Berkeley became the first city in the nation to ban the use of natural gas in newly constructed buildings in August. Since then, many other cities have proposed similar measures in order to reduce their carbon footprint and move toward renewable energy.
According to an email from Stefan Elgstrand, spokesperson for the office of Mayor Jesse Arreguín, the city of Berkeley has “a long history of being an environmental pioneer.” Elgstrand added that Berkeley was the first city to introduce curbside recycling in the 1970s and the first to eliminate plastic foam products in the 1980s.
“At first, there was some skepticism as to the viability of these programs, but history has shown that these groundbreaking ideas became the standard bearer that is now common practice across the country,” Elgstrand said in the email.
According to a Berkeley City Council ordinance, the ban goes into effect in January 2020 and will initially impact single-family homes, small apartments and townhomes. Buildings that are deemed “not physically feasible” to construct without natural gas will be exempt from the policy, according to the ordinance. These buildings must be equipped with the infrastructure to facilitate full electrification in the future, however.
Seattle is one of the cities currently considering the implementation of a similar ordinance. In a video of a conference introducing the bill to the committee, Seattle City Councilmember Mike O’Brien said many people cannot afford to transition their homes off of natural gas and that the legislation is a way to ensure that everyone has a home that does not require natural gas.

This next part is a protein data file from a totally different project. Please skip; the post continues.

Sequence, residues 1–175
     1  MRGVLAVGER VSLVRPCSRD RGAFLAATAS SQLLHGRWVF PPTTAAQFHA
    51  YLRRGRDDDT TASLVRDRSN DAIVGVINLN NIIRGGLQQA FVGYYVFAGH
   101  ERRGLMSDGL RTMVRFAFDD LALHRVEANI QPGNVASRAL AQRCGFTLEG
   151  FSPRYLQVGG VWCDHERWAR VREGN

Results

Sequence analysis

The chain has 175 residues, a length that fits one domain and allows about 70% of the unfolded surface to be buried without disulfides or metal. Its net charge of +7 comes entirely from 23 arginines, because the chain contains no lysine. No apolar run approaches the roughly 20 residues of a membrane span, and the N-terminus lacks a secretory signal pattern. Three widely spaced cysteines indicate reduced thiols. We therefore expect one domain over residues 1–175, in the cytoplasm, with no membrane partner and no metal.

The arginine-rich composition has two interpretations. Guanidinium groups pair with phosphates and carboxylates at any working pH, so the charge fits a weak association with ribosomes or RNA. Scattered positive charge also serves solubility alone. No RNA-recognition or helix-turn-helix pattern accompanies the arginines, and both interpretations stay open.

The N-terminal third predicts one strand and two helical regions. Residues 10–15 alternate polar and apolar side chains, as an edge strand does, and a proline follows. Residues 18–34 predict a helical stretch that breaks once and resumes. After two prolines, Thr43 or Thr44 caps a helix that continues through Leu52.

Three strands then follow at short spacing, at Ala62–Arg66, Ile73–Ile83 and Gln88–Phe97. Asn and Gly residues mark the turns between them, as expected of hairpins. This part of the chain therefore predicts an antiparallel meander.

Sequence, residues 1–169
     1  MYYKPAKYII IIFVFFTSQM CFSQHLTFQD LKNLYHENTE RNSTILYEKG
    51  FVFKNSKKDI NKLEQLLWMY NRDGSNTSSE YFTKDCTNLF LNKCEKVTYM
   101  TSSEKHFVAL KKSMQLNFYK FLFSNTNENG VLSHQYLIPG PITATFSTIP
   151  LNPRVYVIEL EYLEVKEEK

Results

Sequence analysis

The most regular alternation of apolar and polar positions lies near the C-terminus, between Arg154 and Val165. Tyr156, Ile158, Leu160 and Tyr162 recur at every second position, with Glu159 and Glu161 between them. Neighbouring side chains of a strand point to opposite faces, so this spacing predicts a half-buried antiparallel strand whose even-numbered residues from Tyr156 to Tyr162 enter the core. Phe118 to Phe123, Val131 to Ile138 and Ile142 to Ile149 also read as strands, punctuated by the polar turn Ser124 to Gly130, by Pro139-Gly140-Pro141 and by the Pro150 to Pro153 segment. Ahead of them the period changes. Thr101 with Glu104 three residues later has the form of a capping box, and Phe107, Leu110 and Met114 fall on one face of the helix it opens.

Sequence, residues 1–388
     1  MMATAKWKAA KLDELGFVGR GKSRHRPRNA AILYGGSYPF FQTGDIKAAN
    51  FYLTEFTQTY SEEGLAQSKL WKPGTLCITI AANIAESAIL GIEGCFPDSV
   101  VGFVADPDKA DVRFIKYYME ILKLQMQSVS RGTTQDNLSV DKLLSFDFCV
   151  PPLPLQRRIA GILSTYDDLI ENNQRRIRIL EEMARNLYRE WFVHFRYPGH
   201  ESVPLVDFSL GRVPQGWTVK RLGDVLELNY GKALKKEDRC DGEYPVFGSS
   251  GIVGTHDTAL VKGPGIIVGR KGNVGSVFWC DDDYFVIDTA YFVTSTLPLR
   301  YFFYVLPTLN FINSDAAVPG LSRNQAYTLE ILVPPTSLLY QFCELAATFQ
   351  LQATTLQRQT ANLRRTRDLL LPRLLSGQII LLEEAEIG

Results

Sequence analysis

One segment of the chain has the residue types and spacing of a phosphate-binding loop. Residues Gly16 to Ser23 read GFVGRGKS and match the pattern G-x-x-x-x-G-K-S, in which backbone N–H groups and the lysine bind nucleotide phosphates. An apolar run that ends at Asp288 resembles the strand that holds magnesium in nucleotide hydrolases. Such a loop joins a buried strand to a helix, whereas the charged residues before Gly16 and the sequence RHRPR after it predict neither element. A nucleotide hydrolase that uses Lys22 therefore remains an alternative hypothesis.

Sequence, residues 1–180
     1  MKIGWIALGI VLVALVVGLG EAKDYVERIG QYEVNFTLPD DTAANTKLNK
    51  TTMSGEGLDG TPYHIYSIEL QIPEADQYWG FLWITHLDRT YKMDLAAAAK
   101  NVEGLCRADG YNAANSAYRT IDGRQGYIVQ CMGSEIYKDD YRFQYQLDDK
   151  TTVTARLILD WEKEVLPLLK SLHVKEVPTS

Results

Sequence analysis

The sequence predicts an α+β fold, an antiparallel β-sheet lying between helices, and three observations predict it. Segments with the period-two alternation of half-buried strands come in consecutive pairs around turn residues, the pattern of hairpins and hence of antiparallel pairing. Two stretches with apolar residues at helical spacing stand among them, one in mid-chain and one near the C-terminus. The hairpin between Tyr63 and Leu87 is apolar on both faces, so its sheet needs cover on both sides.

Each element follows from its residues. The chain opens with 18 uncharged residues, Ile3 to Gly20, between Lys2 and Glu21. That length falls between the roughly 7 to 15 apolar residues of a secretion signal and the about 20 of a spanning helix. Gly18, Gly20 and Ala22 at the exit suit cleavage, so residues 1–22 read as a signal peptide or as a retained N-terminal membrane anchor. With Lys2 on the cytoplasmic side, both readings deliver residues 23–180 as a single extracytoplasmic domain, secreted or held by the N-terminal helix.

“There are a lot of folks that will need some help to do that, and they rely today on natural gas to heat their home,” O’Brien said in the video. “They are victims of the same crisis … The time is right to say, ‘let’s do that’ and work in the next few years to transition existing buildings off.”
O’Brien added that the natural gas ban reflects not only that the science exists to enact the legislation, but also acknowledges that “it can be done and is already being done.”
According to the U.S. Energy Information Administration, 35.1 percent of the nation’s electricity generated in 2018 was sourced from natural gas. The Environmental Protection Agency noted that natural gas releases methane, a greenhouse gas that is 25 times more potent than carbon dioxide over a 100 year period. According to Elgstrand, natural gas is responsible for 27 percent of Berkeley’s greenhouse gas emissions, which breaks down to 12 percent of emissions from commercial purposes and 15 percent from residential use.
District 4 Councilmember Kate Harrison said these laws are changing the big picture of eco-friendly buildings. She added that as people rebuild their homes, they will realize that natural gas is less cost-efficient.
“Time is running out if we are to address climate change,” Elgstrand said in the email. “We are listening and taking action, and will continue to advocate for environmental policies that are needed to ensure that we have a future for tomorrow’s generations.”
Contact Kaleo Mark and Angelina Wang at [email protected].